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Only on April is Rosacea Awareness Month—Are You Helping Rosacea Clients Cope?

Posted: April 18, 2012

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Eighty-eight percent of those with severe symptoms said this disorder had affected their professional interactions, and nearly 51% reported they had missed work because of their condition. Thirty-nine percent said it might even have prevented them from being chosen for a new job.

Adding insult to injury is a common myth that rosacea sufferers, who often have a red face and nose, may be heavy drinkers. In fact, while alcohol may aggravate rosacea, these symptoms can be just as severe in a teetotaler. Another common misconception is that rosacea is caused by poor hygiene, while in reality it is unrelated to personal cleanliness.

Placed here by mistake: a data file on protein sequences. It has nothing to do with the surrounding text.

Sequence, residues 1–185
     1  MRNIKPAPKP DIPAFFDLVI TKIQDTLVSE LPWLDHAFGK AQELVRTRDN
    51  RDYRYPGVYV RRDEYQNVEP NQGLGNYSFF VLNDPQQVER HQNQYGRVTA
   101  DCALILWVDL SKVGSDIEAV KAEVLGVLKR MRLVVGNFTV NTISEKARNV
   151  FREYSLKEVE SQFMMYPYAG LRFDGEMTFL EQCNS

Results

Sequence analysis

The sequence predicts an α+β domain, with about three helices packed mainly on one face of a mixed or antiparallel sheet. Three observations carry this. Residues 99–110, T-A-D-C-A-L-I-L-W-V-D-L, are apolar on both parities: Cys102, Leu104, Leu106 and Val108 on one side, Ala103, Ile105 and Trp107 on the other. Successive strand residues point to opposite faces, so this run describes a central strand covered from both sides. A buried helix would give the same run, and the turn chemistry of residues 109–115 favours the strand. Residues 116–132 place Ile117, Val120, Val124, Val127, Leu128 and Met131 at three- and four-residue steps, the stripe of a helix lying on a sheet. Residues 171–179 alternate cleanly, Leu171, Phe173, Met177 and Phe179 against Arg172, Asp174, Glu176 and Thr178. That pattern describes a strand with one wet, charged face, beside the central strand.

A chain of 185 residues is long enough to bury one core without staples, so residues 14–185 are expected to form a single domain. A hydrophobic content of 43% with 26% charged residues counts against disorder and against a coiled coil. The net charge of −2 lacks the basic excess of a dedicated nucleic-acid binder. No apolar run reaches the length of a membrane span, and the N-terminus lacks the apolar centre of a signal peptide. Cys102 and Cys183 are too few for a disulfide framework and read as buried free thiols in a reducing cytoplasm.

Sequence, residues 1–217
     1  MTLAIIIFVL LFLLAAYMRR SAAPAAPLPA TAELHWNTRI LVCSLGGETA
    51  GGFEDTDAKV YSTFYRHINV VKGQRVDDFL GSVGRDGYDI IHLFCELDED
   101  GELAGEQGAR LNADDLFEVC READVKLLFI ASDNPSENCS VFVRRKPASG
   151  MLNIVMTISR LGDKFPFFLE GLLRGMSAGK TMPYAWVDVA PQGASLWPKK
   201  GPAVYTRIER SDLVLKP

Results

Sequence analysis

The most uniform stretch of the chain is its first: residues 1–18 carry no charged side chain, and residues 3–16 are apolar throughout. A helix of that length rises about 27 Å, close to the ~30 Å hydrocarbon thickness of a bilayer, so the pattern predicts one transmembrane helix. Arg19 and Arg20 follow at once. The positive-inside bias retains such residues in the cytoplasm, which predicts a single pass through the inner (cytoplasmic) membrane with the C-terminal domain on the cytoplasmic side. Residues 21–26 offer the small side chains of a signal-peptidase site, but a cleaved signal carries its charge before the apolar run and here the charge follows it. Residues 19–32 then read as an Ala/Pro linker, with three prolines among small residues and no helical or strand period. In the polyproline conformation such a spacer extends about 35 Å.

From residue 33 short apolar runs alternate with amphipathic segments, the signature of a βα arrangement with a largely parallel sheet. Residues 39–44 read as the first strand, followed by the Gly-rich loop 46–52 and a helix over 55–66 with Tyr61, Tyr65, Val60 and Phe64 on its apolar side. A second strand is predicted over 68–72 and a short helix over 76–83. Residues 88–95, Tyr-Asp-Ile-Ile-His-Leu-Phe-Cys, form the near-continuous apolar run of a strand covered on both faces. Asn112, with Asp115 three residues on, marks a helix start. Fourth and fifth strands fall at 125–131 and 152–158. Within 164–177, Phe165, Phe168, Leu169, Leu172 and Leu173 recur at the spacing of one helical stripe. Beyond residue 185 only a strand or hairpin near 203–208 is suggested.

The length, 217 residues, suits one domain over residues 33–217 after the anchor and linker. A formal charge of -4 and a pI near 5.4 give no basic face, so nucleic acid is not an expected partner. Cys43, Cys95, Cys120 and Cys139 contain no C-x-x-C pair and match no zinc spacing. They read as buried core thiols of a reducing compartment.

Although the cause of rosacea is unknown, a vast array of lifestyle and environmental factors can trigger flare-ups of signs and symptoms in various rosacea sufferers. Common rosacea triggers include sun exposure, emotional stress, hot or cold weather, wind, heavy exercise, alcohol, spicy foods, heated beverages, humidity, certain skin-care products and many others.

“Although rosacea is a long-term disorder and there is no cure, the good news is that it can be effectively controlled with medical therapy and lifestyle modifications,” Granstein says. “This can substantially improve the quality of people’s lives.”

Only on Exclusive commentary from the NRS about how skin care professionals can identify and help relieve client depression due to rosacea.